366. Action Memorandum From the President’s Special Assistant (Rostow) to President Johnson 1


  • Reduction of size of Philippine military force in Vietnam (PHILCAG)

President Marcos has been having trouble for several months in getting from his Congress an appropriation to cover PHILCAG. Marcos and other Philippine officials have repeatedly told our Embassy it might be necessary, in view of the Congressional pressure, to reduce the size and change the composition of PHILCAG (for instance medical units instead of engineering battalions).

We have made a vigorous effort, including your letter of April 14,2 to persuade Marcos to maintain the size and the integrity of PHILCAG. On several occasions he has assured us, and has stated publicly, that he would do so.

Nonetheless, withdrawals have taken place. From an original strength of 2,050, PHILCAG is down to 1,810. The Philippine Secretary of Defense and Armed Forces Chief of Staff have now informed our Embassy that they are planning a weekly reduction of 35 men until PHILCAG is reduced to a strength of 1,400. That would constitute a better than 30% reduction from the original PHILCAG strength.

Attached is an extremely stiff cable to our Embassy in Manila authorizing the Embassy to find out if the reduction has Marcos’ approval.3 If so, the telegram authorizes4 our Charge in Manila to speak in very blunt terms to Marcos about the dim view we take of this development. Among other things, the message says that we will suspend further shipments of equipment for Philippine army engineer construction battalions (a matter of great personal interest to Marcos and a program which stems from his visit with you in 1966). We also plan to suspend activity regarding procurement in the Philippines of our needs in Vietnam (another matter stemming from the communiqué issued at the end of Marcos’ visit with you). Finally, the cable raises [Page 812]the possibility that at some point the reductions of PHILCAG might render the Philippines ineligible to sit in the councils of troop-contributing countries to Vietnam.

The cable has been personally cleared by Secretary Rusk.

But I have my doubts that this cable will do the job. In the first place our Charge in Manila is not at all likely to go as far with Marcos as this cable will permit him to go. The cable should serve, however, to clarify Marcos’ intentions and precipitate a dialog with our Mission on the best approach to the problem of keeping PHILCAG intact. Eventually, we may want to resort to another letter from you. That, however, depends on Marcos’ reaction, and this cable is a necessary first step.

One good reason for precipitating this issue without delay is to try to get it out of the way before Mennen Williams arrives in Manila, in about a month.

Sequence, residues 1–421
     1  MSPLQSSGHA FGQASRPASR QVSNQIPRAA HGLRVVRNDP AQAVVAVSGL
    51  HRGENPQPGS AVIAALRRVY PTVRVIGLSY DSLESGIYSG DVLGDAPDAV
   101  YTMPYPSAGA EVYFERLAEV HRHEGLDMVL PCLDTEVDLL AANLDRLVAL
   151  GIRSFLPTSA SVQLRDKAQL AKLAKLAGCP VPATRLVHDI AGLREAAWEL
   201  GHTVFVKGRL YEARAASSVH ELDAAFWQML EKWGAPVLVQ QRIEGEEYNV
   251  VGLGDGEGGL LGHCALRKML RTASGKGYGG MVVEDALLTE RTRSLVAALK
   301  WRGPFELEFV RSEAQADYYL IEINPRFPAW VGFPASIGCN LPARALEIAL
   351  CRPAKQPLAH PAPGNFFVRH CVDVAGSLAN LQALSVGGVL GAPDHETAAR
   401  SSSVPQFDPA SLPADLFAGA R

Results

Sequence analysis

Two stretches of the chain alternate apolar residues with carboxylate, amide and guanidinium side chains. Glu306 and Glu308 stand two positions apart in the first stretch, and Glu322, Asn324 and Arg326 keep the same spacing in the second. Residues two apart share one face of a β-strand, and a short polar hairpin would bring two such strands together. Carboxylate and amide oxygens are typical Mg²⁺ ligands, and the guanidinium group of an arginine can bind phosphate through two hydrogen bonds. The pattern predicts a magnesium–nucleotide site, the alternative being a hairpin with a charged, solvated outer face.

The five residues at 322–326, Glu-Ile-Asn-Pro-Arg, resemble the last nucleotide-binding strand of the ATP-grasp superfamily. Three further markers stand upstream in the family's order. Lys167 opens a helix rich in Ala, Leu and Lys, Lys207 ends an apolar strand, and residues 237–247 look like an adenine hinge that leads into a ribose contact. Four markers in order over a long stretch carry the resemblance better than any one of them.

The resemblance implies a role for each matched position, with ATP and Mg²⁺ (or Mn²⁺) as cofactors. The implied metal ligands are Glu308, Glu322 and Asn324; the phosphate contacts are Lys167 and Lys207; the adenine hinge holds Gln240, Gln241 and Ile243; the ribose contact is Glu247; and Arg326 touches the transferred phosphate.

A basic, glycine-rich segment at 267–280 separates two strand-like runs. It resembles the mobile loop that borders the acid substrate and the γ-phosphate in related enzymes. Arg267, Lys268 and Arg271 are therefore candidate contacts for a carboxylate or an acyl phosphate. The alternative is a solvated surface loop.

There is one danger in this of which I think you should be aware. Thus far, the reduction of PHILCAG has taken place with virtually no publicity. Manila is a sieve, and a tough approach by us will probably become known and focus publicity on the PHILCAG reduction. However, that is sure to happen anyway, sooner or later. I think it is time to bite the bullet with the Philippines.

I recommend you approve the cable. Whether or not you approve you might want to discuss the problem at the Tuesday luncheon.



Put on Tuesday lunch agenda5


Call me

  1. Source: Johnson Library, National Security File, Country File, Vietnam, 5 D (2), Allies: Troop Commitments and Other Aid, 1967–69. No classification marking. A note on the memorandum indicates that the President saw it.
  2. Not printed. (Ibid.) See also footnote 2, Document 364.
  3. The draft cable is attached to a memorandum from Read to Rostow, May 11. (National Archives and Records Administration, RG 59, Central Files 1967–69, POL 27–3 VIET S)
  4. Rostow wrote the following note at this point: “Not: instructs. See final para.”
  5. The President checked this option and wrote the following instructions: “Ask Clifford & Rusk to study very carefully. L.” At the Tuesday lunch meeting on May 21, attended by President, Rusk, Clifford, Wheeler, Helms, Rostow, and Christian, with Tom Johnson taking notes, the issue of the Philippines engineering unit was discussed. Wheeler noted that the Philippines could not support the unit until June and Clifford stated that the Philippines wanted to reduce it from 1,800 to 1,400. Wheeler remarked that a seventy man reduction per week, as contemplated, “isn’t getting much attention.” The President moved on to the question of Korean troops in South Vietnam. Presumably the reduction was accepted and the cable was never sent. (Notes of a Tuesday Lunch Meeting; Johnson Library, Tom Johnson Notes, 5/21/68)